The font consists of a set of different weights and compressions that allow you to fit it into almost any space. It is a really great tool to have when trying to make the content of a page fit perfectly. The relationship between image and text is always at the root of design, and it is often treated radically different depending on the project. In most art scenarios you want to keep them separated, but with these newspapers they are working very much together. IC: Following one of the regular sections of this newspaper, what are your own ‘media habits’? ‘ CK: I read the New York Times, usually online, and I follow a couple of blogs. I don’t subscribe to any online social networks, it just seems like a distraction, so I usually get the rest of my news through word of mouth. IC: Has the way you experience online content infiltrated any of

Installation view of Thomas Hirschhorn’s Subjecter (2010) on the fifth floor of the New Museum. Courtesy the artist and Gladstone Gallery, New York. Photo: Benoit Pailley / Courtesy New Museum.

T

Irina Chernyakova quizzes Chad Kloepfer who, with Joel Stillman, designs ‘The Last...’ newspapers. Irina Chernyakova: What is Superserious? Chad Kloepfer: The name Superserious came out of a joke. I was designing my website and trying to come up with a URL, and I think my friend was trying to make fun of me and suggested superserious. I didn’t think it was too bad so I used that for my website. But people often think that is the name of my studio, which it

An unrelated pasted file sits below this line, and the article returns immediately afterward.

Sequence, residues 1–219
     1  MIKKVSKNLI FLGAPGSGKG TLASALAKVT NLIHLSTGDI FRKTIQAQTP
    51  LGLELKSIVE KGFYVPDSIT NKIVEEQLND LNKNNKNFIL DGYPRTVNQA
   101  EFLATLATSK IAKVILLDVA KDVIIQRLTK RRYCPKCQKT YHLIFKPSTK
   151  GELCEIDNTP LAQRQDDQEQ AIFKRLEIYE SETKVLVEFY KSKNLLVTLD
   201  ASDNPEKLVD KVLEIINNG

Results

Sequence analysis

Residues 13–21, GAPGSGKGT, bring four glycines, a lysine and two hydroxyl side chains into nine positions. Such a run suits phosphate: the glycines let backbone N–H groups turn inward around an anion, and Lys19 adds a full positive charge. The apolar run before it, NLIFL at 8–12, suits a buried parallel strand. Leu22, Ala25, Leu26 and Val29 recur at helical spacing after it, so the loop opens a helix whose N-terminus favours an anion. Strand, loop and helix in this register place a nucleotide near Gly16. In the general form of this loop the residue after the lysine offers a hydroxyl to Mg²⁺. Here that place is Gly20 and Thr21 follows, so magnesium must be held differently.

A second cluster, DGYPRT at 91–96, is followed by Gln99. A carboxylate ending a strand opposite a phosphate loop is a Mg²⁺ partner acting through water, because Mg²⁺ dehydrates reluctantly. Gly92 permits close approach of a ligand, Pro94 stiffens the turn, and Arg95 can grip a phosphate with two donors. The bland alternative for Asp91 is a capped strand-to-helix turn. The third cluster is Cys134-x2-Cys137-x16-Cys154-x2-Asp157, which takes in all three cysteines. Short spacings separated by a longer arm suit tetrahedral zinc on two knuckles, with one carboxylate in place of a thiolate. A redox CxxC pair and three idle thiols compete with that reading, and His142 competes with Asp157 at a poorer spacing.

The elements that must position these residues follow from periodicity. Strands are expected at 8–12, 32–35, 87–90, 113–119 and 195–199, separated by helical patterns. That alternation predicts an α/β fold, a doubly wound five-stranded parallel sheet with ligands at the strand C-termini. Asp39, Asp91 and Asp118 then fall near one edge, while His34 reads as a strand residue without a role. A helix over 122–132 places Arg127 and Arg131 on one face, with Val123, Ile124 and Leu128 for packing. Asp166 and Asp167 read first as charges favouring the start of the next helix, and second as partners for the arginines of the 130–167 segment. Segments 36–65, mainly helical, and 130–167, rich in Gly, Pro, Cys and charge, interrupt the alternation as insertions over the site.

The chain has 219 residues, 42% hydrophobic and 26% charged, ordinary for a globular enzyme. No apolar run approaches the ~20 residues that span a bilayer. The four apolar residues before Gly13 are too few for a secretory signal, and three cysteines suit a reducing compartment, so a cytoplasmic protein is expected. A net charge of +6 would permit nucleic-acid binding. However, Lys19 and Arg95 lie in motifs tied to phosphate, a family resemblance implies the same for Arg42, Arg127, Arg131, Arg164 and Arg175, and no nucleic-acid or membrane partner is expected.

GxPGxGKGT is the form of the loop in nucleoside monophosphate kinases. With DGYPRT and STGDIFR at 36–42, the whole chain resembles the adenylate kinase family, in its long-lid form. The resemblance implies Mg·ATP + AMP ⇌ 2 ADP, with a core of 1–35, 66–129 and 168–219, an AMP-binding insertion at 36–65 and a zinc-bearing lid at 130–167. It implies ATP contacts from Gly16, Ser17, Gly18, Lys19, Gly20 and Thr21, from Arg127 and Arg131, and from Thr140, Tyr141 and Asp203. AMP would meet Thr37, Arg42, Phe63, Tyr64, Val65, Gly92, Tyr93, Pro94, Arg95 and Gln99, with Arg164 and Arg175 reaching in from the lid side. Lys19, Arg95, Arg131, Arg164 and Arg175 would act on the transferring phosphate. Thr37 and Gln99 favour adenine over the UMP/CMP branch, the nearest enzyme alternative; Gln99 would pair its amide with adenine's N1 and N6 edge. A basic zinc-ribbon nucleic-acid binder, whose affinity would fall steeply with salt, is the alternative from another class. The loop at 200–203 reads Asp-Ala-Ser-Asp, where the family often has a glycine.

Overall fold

ENERGY, YES! QUALITY, NO! Thomas Hirschhorn produces impassioned, voracious, and deliberately overabundant sculptural works, public projects, and immersive environments in incredible proliferation. As he has stated, he is interested only in art with “total, 100% energy”. His frequently confrontational work is dedicated to resistance and the voicing of his discontent with the politics and public discourse of today, while at the same time trusting in the transformative potential of art and philosophy. Neglecting the material qualities of “fine art,” he instead uses the impoverished dross of consumerism (such as cardboard, plywood, and polystyrene) and frequently festoons his tableaux with images of advertisements, pornography, and global news journalism, as well as copious photocopied texts from radical writers such as Georges Bataille and Antonio Negri. “I am against work of quality”, Hirschhorn has declared. “Energy, yes! Quality, no!” Max Andrews